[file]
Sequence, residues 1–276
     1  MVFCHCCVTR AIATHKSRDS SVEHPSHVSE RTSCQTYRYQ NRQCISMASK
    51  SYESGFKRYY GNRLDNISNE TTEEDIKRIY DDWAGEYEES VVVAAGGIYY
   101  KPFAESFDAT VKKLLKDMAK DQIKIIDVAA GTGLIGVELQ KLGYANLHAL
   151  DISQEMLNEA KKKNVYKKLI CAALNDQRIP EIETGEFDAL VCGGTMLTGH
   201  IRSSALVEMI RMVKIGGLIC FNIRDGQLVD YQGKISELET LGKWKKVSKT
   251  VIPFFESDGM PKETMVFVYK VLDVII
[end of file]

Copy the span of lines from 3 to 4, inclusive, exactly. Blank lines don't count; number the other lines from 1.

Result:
    51  SYESGFKRYY GNRLDNISNE TTEEDIKRIY DDWAGEYEES VVVAAGGIYY
   101  KPFAESFDAT VKKLLKDMAK DQIKIIDVAA GTGLIGVELQ KLGYANLHAL